Private property, public archaeology: resident communities as stakeholders in American archaeology

Bibliographic Information

Article Title

Private property, public archaeology: resident communities as stakeholders in American archaeology

Journal Title

World Archaeology

Author(s)

Wright, Alice P.

Year of Publication

2015

Volume Number

47

Issue Number

2

Article Pages

212-224

Web Address (URL)

http://dx.doi.org/10.1080/00438243.2015.1025911

Additional Information

Available Through

Taylor & Francis Online

Language

English

Notes

Abstract: In the United States, archaeological sites on private lands have few legal protections, and are thus at risk of damage or destruction. To alleviate these risks, archaeologists must engage thoughtfully with private property owners and develop strategies to promote site stewardship. In this article, I identify the resident community – those people who live on archaeological sites, regardless of their ancestral ties to those sites – as an important stakeholder in archaeology. Based on recent fieldwork experiences on a privately owned site in the south-eastern US, I discuss the unique challenges of engaging a resident community in archaeological research, and the potential of such engagement for fostering archaeological stewardship. Specifically, I use theories of place attachment derived from environmental psychology to explore how resident communities may be encouraged to empathize with and protect the archaeological records of past people.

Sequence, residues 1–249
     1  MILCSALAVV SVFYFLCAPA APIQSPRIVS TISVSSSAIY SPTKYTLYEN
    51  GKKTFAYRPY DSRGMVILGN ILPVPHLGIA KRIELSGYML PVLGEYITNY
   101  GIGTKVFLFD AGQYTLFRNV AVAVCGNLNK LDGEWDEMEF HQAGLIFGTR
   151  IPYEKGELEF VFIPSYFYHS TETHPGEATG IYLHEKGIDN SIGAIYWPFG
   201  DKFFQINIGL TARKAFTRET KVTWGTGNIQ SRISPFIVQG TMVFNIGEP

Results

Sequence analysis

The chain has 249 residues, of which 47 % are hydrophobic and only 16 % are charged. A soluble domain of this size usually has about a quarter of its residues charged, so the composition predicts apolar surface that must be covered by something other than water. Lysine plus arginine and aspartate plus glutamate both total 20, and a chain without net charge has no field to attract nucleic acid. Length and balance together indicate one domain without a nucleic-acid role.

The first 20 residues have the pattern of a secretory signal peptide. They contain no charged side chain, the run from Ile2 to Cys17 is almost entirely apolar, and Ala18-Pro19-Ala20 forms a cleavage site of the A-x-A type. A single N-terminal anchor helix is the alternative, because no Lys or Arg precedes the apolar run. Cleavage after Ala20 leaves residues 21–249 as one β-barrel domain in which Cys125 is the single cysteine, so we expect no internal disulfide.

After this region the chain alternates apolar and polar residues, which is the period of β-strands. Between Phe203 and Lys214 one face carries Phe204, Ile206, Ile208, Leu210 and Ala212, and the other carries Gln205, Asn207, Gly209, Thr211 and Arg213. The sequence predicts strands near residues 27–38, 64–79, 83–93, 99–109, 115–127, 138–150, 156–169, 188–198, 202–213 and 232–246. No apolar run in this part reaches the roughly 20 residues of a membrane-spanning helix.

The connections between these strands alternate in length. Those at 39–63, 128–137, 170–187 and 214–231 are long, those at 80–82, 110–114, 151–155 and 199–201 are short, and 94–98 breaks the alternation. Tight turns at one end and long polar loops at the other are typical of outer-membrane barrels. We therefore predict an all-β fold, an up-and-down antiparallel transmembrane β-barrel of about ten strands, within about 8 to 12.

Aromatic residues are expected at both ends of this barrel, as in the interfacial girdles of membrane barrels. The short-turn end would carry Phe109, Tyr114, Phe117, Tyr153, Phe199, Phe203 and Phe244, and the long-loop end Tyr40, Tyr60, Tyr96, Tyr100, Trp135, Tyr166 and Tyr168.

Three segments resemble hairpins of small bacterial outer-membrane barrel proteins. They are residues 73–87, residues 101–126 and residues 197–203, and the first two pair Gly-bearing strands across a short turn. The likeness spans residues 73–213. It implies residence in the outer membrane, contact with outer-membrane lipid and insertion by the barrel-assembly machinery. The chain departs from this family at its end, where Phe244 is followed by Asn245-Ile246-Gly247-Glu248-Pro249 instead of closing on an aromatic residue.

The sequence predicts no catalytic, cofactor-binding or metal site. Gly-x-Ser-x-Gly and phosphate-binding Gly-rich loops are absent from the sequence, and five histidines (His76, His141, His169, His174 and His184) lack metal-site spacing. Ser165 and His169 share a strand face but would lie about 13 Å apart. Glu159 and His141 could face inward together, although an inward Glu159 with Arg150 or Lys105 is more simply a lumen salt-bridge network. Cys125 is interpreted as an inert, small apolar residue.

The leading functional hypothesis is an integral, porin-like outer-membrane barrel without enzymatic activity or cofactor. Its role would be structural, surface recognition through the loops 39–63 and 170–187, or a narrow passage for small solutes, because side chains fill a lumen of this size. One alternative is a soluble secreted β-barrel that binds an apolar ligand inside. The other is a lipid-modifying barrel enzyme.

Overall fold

Additional tags: private property; archaeological site preservation; resident communities

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